In October 1993 Fred Leuchter was invited to appear on a Cologne, Germany, television talk show, Schreinemachers. As he entered the studio, German police arrived to arrest him, and he was held in jail for the next four weeks before being bailed to appear on charges of breaking Germany's new laws for the suppression of free speech. Advised that he would not be given a fair trial by American standards by the German courts, he returned to the United States at once. His escape chagrined the German media, and on September 23 1994 The Week in Germany, the newsletter of the German Information Center in Washington issued this gloating release:
Germans Want to Try Leuchter - If He Would Only Let Them
On September 14, a court in Mannheim (Baden-Württemberg) called off the trial of Fred A. Leuchter, an American Holocaust "revisionist" widely admired in neo-Nazi circles, on charges of incitement. Leuchter was arrested in October 1993 after delivering a speech in Weinheim (Baden-Württemberg) under the sponsorship of the right-wing extremist German National Democratic Party (NPD: Nationaldemokratische Partei Deutschlands). In the speech, Leuchter summarized the arguments of the so-called "Leuchter Report," his claim of "proof" that the genocidal crimes perpetrated in the Auschwitz concentration camp were technically infeasible. Leuchter spent four weeks behind bars following his arrest; freed on DM 20,000 (U.S.$ 12,600) bail, he immediately left Germany for the United States. His trial was called off last week after he failed to appear. Charges against Leuchter were not dismissed, however, and it is possible that a new trial date will be set.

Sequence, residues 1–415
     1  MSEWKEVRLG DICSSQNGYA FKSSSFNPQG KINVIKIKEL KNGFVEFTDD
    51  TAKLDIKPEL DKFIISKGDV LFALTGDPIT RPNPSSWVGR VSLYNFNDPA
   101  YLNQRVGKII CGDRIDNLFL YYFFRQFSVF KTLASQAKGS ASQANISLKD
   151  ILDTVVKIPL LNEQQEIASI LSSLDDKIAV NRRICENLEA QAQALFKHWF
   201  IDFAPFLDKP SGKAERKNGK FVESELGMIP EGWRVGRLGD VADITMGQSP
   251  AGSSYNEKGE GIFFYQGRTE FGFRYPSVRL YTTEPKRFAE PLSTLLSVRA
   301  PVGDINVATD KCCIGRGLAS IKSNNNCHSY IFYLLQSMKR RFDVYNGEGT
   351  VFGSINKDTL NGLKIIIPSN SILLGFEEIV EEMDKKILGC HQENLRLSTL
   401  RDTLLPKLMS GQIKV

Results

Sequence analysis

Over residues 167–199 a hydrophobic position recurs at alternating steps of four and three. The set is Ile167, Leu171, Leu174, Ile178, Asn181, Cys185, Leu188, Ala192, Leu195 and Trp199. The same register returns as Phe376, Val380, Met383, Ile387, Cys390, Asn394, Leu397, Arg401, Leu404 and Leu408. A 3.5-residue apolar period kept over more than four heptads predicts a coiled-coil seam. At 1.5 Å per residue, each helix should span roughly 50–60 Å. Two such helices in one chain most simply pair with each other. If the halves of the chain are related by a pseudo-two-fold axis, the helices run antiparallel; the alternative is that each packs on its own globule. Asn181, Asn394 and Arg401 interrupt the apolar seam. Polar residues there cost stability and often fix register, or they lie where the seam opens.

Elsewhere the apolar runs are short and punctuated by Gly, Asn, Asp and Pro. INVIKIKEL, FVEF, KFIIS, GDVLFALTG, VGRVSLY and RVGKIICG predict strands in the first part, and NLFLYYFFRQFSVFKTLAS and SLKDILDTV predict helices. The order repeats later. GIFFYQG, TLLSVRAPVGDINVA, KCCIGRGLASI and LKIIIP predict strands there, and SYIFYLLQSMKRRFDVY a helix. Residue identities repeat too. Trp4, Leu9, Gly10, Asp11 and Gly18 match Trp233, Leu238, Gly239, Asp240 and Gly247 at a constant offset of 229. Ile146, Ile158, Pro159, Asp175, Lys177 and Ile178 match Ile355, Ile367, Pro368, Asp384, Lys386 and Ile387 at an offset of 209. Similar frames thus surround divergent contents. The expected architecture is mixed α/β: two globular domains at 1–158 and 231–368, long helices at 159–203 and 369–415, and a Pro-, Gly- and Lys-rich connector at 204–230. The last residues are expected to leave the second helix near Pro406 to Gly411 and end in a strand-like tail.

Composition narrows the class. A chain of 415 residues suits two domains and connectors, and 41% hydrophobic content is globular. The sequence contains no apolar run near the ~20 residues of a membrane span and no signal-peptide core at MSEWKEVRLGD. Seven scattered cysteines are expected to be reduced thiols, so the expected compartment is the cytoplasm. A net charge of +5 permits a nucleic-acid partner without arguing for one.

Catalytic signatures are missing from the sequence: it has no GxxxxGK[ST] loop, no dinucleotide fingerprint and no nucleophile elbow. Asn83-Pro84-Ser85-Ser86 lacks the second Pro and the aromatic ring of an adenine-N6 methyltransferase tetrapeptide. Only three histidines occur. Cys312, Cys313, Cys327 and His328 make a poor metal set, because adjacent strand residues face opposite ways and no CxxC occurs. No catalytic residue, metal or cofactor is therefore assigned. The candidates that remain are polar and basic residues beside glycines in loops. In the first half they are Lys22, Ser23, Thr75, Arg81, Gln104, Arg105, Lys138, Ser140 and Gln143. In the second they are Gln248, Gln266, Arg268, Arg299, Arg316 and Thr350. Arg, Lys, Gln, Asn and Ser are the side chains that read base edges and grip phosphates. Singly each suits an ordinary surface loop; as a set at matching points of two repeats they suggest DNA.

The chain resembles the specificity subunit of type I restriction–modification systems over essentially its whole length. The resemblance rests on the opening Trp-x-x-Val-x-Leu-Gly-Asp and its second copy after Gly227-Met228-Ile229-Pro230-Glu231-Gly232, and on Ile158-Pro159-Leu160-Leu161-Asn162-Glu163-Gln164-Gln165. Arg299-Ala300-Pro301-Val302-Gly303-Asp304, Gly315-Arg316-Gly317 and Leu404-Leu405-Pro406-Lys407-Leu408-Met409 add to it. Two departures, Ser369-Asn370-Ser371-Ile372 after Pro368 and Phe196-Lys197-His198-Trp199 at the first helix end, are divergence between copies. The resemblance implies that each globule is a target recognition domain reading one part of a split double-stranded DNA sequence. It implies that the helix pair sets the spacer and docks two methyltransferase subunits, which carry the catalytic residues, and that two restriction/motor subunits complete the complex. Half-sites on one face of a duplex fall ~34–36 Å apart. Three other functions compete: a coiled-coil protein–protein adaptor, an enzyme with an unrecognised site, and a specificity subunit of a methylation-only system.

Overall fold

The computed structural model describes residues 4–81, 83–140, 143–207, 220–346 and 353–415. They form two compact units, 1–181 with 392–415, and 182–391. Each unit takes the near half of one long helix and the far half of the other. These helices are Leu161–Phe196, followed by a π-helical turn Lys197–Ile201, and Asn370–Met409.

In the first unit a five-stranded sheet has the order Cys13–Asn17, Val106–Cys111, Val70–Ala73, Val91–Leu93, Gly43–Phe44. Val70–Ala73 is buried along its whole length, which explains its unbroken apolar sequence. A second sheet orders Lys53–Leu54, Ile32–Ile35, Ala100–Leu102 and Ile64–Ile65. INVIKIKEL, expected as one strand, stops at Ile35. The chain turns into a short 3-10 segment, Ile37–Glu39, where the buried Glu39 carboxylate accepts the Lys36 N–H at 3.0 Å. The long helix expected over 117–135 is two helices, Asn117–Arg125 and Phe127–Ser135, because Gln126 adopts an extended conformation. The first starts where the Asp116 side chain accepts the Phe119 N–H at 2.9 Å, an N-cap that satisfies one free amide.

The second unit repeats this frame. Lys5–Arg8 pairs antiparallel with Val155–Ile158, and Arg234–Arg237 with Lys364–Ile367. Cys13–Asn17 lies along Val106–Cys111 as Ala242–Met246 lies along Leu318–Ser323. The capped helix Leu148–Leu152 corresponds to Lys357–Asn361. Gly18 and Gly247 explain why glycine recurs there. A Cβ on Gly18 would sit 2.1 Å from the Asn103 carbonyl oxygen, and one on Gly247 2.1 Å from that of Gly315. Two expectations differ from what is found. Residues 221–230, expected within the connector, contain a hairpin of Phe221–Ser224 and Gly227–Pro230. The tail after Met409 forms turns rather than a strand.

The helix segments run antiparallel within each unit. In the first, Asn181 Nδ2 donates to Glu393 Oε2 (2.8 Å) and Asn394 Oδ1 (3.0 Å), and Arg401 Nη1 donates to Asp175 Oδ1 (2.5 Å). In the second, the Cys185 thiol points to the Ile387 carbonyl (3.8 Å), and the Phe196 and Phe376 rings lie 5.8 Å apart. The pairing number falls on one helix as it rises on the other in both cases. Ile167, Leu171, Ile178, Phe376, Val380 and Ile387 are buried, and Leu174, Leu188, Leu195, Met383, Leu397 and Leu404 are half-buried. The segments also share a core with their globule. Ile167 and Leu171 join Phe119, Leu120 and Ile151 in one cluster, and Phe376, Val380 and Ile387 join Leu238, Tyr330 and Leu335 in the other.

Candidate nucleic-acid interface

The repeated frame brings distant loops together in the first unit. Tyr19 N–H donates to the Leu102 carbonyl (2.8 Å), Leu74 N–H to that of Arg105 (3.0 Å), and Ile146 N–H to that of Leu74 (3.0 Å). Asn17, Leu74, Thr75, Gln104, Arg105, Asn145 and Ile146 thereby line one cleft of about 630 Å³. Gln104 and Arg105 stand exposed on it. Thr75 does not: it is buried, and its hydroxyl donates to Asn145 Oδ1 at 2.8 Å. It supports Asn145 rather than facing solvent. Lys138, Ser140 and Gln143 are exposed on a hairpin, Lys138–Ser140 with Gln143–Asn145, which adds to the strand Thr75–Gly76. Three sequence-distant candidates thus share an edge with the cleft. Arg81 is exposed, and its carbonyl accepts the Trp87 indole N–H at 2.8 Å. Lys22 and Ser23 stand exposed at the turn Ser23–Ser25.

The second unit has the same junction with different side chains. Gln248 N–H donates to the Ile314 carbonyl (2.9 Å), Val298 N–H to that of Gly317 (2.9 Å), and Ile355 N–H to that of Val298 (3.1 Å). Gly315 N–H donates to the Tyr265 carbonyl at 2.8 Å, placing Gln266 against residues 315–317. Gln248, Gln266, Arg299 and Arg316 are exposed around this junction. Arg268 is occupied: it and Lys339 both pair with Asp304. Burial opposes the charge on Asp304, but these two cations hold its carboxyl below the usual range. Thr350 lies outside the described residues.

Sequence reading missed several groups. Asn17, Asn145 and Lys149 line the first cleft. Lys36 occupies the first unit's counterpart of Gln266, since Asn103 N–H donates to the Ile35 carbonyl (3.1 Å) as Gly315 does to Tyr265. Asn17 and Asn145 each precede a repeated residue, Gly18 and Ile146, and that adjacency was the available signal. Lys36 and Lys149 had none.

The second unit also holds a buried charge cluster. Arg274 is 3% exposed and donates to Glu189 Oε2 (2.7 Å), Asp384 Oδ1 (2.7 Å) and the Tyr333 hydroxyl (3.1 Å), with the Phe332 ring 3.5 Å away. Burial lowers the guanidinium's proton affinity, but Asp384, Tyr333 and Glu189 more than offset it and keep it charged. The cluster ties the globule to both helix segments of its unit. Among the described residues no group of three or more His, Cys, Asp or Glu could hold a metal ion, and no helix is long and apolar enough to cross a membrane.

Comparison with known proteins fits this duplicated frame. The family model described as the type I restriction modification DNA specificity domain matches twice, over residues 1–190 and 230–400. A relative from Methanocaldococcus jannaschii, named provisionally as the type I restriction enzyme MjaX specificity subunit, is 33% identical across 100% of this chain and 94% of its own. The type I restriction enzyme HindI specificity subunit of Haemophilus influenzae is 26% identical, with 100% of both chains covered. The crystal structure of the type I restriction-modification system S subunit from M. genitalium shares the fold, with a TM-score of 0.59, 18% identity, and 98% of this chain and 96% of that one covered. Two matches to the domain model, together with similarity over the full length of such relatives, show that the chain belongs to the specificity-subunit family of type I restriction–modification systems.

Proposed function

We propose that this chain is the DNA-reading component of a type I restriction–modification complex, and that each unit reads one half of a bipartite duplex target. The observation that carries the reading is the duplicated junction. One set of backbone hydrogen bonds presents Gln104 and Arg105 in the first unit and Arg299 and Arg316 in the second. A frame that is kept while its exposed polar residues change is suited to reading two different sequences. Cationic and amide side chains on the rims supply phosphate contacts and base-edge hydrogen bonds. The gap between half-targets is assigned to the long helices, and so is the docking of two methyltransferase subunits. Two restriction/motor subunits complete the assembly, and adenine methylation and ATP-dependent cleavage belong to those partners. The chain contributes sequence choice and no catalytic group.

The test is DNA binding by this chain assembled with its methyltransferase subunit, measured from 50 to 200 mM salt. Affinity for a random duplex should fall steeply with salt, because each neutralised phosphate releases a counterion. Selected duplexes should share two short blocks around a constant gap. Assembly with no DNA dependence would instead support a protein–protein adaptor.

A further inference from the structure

Leuchter's German lawyer claimed that his client broke his promise to appear before the court because he did not believe that he would receive a fair trial. Public prosecutor Hans-Heiko Klein, meanwhile, ruled out the possibility of extradition, noting that Leuchter's inflammatory pronouncements denying the Holocaust are not illegal in the United States. Earlier this year, Germany's constitutional court, the Bundesverfassungsgericht, explicitly recognized denial of the Holocaust as anti-constitutional and hence as punishable under law (cf. TWIG 4/29/94, p. 2).